Wood bows or warps for many reasons including humidity and the natural stability of the wood. Some wood is more prone to warping and bowing than other types because of its' natural moisture content; the higher the moisture content, the more likely the wood is to warp. Typically, woodworkers stain and finish the top of tabletops and not the underside. Uneven finishing allows the underside to expand and contract normally while the top remains stationary and protected, which leads to bowing or warping.
Remove the table legs with a screwdriver or break the glue bond with a hammer and wood chisel.
Strip the finish off the table with a chemical wood stripper. Wash the table to remove the stripper residue.
Measure the length and width of the tabletop. Cut strips of 2-by 2-inch lumber 2-inches longer than the width of the table. Cut enough pieces so wood strips, known as battens, lay every 12-inches across the top and bottom of the length of the table.
Set up two sawhorses outdoors during hot weather or indoors where you can apply heat. Lay the battens across the sawhorses every 12-inches. Lay the tabletop across the sawhorses and battens with the bow facing up. The battens will extend 1 inch past the tabletop on each side.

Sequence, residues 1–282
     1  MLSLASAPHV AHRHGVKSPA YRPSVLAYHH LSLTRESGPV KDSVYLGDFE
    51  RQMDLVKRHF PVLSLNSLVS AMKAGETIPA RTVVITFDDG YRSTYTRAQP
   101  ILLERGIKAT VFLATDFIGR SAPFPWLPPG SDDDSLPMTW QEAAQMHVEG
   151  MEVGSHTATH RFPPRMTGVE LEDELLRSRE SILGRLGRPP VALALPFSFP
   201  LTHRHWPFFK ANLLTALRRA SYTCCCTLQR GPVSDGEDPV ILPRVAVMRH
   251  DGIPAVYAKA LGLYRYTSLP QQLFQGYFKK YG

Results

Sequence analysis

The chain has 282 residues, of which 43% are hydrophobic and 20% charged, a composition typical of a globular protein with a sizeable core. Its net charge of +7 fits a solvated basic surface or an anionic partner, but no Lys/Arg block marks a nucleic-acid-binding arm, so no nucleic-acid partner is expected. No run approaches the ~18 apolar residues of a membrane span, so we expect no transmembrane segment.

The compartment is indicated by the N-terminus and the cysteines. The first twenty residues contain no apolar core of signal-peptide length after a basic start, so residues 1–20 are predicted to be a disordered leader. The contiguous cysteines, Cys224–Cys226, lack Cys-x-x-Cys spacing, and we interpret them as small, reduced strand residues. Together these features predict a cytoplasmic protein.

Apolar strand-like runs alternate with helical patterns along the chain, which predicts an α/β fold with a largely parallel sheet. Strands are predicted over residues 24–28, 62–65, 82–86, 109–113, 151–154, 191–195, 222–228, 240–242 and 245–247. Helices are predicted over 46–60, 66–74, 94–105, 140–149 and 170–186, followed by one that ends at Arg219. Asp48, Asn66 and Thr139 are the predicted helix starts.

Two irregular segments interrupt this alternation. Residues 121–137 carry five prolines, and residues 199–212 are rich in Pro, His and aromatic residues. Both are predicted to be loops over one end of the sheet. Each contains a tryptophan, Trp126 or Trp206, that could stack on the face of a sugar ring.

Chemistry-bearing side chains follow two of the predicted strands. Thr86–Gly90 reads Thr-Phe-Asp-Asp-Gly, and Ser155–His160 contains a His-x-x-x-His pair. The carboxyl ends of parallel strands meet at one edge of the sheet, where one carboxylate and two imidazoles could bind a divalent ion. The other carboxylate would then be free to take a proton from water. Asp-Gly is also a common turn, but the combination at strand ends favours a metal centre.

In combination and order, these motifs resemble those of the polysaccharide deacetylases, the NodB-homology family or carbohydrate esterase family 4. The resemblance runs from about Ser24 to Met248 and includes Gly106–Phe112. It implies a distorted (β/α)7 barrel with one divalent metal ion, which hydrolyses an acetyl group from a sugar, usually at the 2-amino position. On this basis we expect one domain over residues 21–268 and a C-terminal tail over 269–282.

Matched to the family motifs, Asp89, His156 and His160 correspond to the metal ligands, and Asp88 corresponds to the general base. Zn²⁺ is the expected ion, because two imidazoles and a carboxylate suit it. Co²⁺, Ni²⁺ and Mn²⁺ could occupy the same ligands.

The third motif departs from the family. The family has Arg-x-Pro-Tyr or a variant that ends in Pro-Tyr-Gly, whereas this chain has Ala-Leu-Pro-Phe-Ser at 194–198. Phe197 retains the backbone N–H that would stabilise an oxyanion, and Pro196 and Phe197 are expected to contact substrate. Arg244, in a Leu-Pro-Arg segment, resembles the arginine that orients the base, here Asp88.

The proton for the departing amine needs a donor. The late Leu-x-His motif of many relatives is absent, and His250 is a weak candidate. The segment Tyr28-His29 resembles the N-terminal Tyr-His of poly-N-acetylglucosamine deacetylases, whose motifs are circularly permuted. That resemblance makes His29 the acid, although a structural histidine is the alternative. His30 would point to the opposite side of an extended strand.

Wet a thick towel and place it over the bow. Lay battens over the top of the wet towel and tabletop, lining them up with the battens under the tabletop. Make sure you place at least one batten so you span the center of the bow.
Position hand-screw clamps from the bottom batten to the batten directly over it and extend the end of the clamp along the batten toward the center of the table. Tighten the hand-screw clamps to apply firm pressure. Place another wet towel on top of the bow.
Set up a heat lamp aimed directly at the wet towels and bow or allow the table to sit in sunlight. Wet the towels and tighten the clamps each day for anywhere from three or four days to a week or more depending on the severity of the bow. Leave the towels, battens and heat source in place until the warp straightens.